On Wednesday, the Sonia Skarlatos public achievement award was presented to the Muscular Dystrophy association, acknowledging the important role that patients and patient advocacy groups play in our work. The outstanding achievement lecture was presented for Dr. John J. Rossi by his son. Before the discovery of RNAi, Dr. Rossi was developing antiviral ribozymes and antisense oligonucleotides targeting HIV. He pioneered the practice of expressing RNA molecules such as antisense RNAs and hairpins in the nucleus. He described his extensive studies using both chemically synthesized and expressed siRNA to induce RNAi.  Finally, he touched on the recent discovery and development of activating small RNAs (RNAa), which extends the RNA toolkit, allowing both positive and negative regulation of genes.

The Presidential symposium featured Dr. George Church, who was funny and engaging. He described methods for limiting the immune response to viral vectors. Although the immune response to AAVs is generally believed to be minimal, he made the case that limiting the immune response could simultaneously improve the safety and effectiveness of gene therapy vectors. He described an oligonucleotide sequence, “io2”, derived from telomeres, which appears to limit the TLR9-mediated response to AAV and improves transduction efficiency. In addition, Dr. Church described a machine learning platform for AAV engineering and the detection, using this platform of a previously unidentified gene that is conserved in multiple AAV serotypes.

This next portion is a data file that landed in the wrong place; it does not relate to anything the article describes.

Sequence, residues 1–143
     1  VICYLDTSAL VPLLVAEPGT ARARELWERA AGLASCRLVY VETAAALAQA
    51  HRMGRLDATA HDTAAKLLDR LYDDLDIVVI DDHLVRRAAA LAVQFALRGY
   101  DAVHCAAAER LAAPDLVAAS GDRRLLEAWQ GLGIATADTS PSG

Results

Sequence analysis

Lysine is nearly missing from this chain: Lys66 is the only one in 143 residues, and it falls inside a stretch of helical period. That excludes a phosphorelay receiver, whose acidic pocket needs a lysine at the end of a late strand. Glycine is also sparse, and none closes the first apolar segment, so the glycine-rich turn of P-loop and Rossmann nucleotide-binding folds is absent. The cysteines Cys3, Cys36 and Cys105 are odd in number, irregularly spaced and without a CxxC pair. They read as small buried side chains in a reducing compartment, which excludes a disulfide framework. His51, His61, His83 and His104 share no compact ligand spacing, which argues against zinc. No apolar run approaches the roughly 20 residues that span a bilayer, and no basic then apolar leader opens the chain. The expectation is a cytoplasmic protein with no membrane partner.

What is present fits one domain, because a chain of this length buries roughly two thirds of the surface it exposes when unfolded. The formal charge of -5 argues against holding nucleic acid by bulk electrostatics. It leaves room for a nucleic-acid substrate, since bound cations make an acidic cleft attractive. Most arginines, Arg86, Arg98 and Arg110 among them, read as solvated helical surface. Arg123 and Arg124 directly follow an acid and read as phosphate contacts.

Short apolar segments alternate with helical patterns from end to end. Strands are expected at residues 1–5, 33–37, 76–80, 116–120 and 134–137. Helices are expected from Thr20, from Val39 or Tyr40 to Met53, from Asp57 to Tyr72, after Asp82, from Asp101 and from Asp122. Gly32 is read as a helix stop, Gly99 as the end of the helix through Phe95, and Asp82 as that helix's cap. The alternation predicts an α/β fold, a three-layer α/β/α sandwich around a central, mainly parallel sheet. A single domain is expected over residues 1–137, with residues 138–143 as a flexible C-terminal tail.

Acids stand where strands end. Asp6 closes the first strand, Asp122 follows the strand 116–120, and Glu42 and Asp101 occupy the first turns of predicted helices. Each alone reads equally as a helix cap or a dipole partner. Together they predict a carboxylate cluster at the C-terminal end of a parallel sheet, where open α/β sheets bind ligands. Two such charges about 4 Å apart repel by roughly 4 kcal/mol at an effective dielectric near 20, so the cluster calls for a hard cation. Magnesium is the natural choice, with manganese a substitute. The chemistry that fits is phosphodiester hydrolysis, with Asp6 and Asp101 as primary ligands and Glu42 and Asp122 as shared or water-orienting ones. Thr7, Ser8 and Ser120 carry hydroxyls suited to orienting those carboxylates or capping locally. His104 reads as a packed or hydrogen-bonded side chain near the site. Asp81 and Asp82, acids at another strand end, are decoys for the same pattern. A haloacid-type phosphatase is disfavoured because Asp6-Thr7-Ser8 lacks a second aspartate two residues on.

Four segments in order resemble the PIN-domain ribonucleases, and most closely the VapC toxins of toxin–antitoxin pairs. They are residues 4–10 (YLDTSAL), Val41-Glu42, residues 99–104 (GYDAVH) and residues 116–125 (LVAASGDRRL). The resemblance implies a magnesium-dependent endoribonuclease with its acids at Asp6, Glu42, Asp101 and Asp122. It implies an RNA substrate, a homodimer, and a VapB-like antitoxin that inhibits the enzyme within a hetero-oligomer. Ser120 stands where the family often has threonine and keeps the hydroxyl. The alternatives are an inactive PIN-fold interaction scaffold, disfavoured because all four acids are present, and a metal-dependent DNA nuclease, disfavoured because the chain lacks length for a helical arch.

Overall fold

Finally, the presentation of top abstracts featured the presentation by Dr. Perry Shieh on Audentes Therapeutics’ ASPIRO Phase I/II clinical trial of gene therapy for X-linked Myotubular Myopathy (XLMTM). The clinical vector in this study is an rAAV8 designed to deliver functional copy of the myotubularin gene to muscle. In what I’m sure was a highlight of the meeting for many of us, he showed videos of boys who before treatment could not sit or breathe on their own sitting up, smiling and laughing. I will admit that I was brought to tears by his presentation. He reported that 3 out of the 8 patients who received the treatment were completely off the ventilator and all had improved respiratory function. In contrast to what would be expected given the natural history of the disease, all patients were sitting without support and 3 patients were crawling or standing with support.

Thursday the meeting wrapped up with a few more abstract sessions. I stayed until the end, as my presentation was in the last session. After a last-minute panic correction of my slides, I managed to convince myself that I was excited, rather than nervous and celebrated the talks of a few colleagues who were also scheduled on the last day, wrapping up what was an enjoyable and informative meeting.